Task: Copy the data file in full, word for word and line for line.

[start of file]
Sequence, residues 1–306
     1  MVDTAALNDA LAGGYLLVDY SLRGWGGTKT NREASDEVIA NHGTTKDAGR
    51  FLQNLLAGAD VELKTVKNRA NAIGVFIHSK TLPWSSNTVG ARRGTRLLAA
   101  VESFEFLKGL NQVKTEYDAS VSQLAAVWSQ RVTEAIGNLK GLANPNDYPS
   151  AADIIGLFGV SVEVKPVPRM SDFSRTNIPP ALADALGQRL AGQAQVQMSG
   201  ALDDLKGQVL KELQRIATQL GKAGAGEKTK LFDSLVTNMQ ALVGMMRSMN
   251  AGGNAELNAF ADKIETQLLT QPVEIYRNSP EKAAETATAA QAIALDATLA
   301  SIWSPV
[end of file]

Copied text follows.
Sequence, residues 1–306
     1  MVDTAALNDA LAGGYLLVDY SLRGWGGTKT NREASDEVIA NHGTTKDAGR
    51  FLQNLLAGAD VELKTVKNRA NAIGVFIHSK TLPWSSNTVG ARRGTRLLAA
   101  VESFEFLKGL NQVKTEYDAS VSQLAAVWSQ RVTEAIGNLK GLANPNDYPS
   151  AADIIGLFGV SVEVKPVPRM SDFSRTNIPP ALADALGQRL AGQAQVQMSG
   201  ALDDLKGQVL KELQRIATQL GKAGAGEKTK LFDSLVTNMQ ALVGMMRSMN
   251  AGGNAELNAF ADKIETQLLT QPVEIYRNSP EKAAETATAA QAIALDATLA
   301  SIWSPV